Butlers

Shipbuilder
12th March 2012, 14:58
I have noticed that on plans of several BI ships (Chanda - Chupra - Sofala) they have cabins designated "Butler!" Is that the BI equivalent of Chief Steward, as there are no C/Stwd cabins shown?
Bob

Ron Dean
12th March 2012, 15:40
I have noticed that on plans of several BI ships (Chanda - Chupra - Sofala) they have cabins designated "Butler!" Is that the BI equivalent of Chief Steward, as there are no C/Stwd cabins shown?
Bob
Shipbuilder, - If it's the SS Chanda & SS Chupra (both built 1906) or even Sofala (1937 - 1955) we are going back to the days of the Raj.
I could be wrong but I can well imagine that in those days, wealthy passengers did travel accompanied by their butlers.
I'm interested to hear what other forumites think.

Ron.

JoeQ
12th March 2012, 16:03
Don't know about BI but in Bank Line we had an Indian Chief Steward know as the Butler

Shipbuilder
12th March 2012, 16:07
Ron,
The Chanda & the Chupra are the 1944 editions, Sofala was 1937! Sofala was tiny little thing, less than 2,000 grt and didn't carry passengers anyway. The othere two carried 24 each. The Butler cabins in Chupra & Chanda are between the doctor and the clerk, with the cadets beyond. There are no C/Stwd cabins designated!
Bob

Shipbuilder
12th March 2012, 16:14
Joe,
I think that is most likely in the above BI ships as well, although they may not be Indian. There is a Clerk as well, and an office between Butler & Clerk with doors from both opening into it, so it suggests they were both part of the ship's company rather than travelling with passengers. I thought maybe the Butler was the equivalent of chief steward and the Clerk the equivalent of purser, with a common office.
Bob

James_C
12th March 2012, 17:27
Bob,
Butler was indeed the alternative term for Chief Steward.
In fact if memory serves, 'Butla' was the Hindi term for such a person, as defined in the 'bible' (Malim Sahibs Hindustani), therefore it seems perfectly logical that BI used the Hindi term for the rank.

ian fears
12th March 2012, 18:53
i was r/o on chupra when it went to scrap a very enjoyable time for me, in my short time at sea bi were the best , however at that time i dont recall any cabin being marked butler the ch steward was not indian he came from scotland

Shipbuilder
12th March 2012, 18:54
Jim,
Thanks for confirmation. I never sailed with Indian crew, only UK - Phillippino & St. Helenan, thought the butler may have been the c/stwd.
Bob

Ron Dean
12th March 2012, 19:44
Jim,
Thanks for confirmation. I never sailed with Indian crew, only UK - Phillippino & St. Helenan, thought the butler may have been the c/stwd.
Bob
Bob,
I,m sure you're spot on. I googled "Indian steward butler".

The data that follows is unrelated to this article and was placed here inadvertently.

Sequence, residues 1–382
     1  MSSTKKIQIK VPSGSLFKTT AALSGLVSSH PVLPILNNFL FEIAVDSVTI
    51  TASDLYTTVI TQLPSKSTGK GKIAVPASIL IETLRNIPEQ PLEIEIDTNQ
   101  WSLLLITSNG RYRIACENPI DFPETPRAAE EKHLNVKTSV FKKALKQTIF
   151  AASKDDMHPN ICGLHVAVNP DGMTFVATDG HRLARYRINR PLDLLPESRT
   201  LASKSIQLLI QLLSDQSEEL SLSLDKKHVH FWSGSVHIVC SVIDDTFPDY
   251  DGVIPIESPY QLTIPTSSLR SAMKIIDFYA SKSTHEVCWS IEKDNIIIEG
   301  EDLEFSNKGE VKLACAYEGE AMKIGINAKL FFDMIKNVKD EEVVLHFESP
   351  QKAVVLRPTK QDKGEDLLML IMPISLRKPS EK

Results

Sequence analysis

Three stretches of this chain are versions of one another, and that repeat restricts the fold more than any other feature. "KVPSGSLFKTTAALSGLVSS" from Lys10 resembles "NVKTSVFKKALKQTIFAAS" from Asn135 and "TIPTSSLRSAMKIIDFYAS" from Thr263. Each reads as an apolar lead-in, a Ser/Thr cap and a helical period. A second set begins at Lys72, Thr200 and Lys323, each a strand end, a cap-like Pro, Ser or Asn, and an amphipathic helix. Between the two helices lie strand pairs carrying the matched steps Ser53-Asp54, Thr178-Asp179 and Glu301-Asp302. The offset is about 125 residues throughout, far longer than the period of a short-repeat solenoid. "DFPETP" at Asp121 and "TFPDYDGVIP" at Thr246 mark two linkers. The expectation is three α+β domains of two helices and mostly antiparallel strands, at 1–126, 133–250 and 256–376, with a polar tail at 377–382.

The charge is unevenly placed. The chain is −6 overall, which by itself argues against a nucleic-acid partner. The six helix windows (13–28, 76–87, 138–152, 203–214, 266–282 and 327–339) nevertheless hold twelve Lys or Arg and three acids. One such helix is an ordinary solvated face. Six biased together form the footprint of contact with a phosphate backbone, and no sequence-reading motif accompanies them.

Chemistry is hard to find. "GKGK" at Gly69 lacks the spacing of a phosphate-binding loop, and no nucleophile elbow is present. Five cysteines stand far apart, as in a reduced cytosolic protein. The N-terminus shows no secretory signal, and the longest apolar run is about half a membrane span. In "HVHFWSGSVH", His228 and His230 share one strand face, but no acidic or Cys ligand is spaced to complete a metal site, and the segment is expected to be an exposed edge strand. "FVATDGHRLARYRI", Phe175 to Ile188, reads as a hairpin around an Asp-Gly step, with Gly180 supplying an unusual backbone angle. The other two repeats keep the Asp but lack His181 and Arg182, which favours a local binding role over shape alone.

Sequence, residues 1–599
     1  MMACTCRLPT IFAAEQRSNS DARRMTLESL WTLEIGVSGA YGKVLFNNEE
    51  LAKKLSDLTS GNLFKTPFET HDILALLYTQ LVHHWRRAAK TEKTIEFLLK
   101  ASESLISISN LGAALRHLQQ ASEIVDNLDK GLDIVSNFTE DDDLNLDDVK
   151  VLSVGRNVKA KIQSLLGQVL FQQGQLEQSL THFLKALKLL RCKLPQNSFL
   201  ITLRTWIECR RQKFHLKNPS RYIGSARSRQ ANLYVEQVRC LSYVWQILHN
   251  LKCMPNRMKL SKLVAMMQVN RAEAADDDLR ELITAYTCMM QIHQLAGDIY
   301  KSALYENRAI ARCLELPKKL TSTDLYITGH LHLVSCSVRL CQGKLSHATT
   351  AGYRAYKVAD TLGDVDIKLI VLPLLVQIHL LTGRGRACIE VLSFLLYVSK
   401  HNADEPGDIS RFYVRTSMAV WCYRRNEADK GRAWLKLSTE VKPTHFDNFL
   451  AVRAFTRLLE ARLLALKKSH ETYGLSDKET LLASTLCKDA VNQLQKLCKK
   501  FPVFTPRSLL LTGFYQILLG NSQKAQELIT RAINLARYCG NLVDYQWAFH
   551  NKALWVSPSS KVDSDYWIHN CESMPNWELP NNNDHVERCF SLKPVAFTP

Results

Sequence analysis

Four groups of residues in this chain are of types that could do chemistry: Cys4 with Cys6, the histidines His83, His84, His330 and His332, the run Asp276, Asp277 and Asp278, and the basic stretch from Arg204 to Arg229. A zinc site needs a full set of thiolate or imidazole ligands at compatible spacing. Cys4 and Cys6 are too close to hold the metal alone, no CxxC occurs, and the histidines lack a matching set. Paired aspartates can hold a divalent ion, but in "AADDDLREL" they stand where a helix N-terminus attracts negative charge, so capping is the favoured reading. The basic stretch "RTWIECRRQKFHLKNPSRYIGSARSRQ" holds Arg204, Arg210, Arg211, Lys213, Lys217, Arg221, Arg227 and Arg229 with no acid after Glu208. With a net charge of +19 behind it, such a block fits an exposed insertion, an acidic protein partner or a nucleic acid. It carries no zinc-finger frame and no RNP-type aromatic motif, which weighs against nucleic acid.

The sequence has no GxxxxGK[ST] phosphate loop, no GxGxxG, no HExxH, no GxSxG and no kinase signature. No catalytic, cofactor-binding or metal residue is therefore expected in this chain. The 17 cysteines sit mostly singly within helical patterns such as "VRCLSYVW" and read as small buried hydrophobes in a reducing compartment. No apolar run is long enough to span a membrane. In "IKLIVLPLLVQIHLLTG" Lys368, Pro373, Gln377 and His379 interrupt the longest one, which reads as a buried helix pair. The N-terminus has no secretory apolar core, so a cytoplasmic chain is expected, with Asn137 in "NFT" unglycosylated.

Wiki came up with :- "The role of the butler for centuries has been that of chief steward".

Ron.

notnila
12th March 2012, 20:56
In Tripoli Commonwealth War Graves,there is an MN grave of a Ships Butler.I cant remember the name of his ship.

LouisB
12th March 2012, 21:06
Bob,
I,m sure you're spot on. I googled "Indian steward butler".
Wiki came up with :- "The role of the butler for centuries has been that of chief steward".

Ron.

On some of the long gone RFA's on Far Eastern station there was a Butlers pantry and a call system although the wiring had been removed.

Upstairs Downstairs maybe? Happy days.


LouisB

eldersuk
13th March 2012, 00:41
Paddy Henderson's 'Prome' and 'Salween' carried butlers on the Rangoon run. I think they were the equivalent of Chief Steward.

Derek

millwall dock
13th March 2012, 01:23
In Stricks in the early 50's the Butler carried out the duties of the Chief
Steward

John Briggs
13th March 2012, 02:30
I sailed in BI from 56 to 65 and the Chief Steward was called the Butler!

Shipbuilder
13th March 2012, 08:08
Thanks for all the replies. It seems to be pretty conclusive now, the butler was the c/stwd. I suppose in later years, the title was dropped in favour of c/stwd.

The worst title change I came across was when I was flying out to join a Silver Line bulker in '76 (I had just joined the company from B & C), and one of the group told me he was the "handyman!" When I said that I had never heard the title before, he said "We were once called carpenters!"

Bob

Ron Stringer
13th March 2012, 09:55
On an Ellerman ship with Indian crew we had a European Chief Steward and an Indian Butler/Butla. The latter was head of the catering crew, as the Serang was head of the crew on deck.

randcmackenzie
13th March 2012, 22:55
In some of the Indian crews I sailed with, we carried only a Butler, who performed all the duties of Chief Steward.